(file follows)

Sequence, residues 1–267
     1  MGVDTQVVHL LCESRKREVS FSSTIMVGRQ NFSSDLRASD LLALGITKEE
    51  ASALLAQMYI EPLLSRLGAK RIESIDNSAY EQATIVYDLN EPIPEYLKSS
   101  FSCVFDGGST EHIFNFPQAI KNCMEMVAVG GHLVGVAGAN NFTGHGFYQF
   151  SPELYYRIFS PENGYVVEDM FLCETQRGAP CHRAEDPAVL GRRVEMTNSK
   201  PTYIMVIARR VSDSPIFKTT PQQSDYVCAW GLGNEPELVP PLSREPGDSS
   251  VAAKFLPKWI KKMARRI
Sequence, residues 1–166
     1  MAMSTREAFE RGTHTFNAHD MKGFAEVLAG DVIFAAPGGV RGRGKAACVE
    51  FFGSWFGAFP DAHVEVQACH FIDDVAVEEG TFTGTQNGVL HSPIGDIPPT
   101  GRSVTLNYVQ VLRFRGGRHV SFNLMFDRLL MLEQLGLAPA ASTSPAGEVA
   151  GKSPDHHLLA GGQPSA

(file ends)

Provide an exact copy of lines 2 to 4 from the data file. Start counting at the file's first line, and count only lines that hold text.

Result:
     1  MGVDTQVVHL LCESRKREVS FSSTIMVGRQ NFSSDLRASD LLALGITKEE
    51  ASALLAQMYI EPLLSRLGAK RIESIDNSAY EQATIVYDLN EPIPEYLKSS
   101  FSCVFDGGST EHIFNFPQAI KNCMEMVAVG GHLVGVAGAN NFTGHGFYQF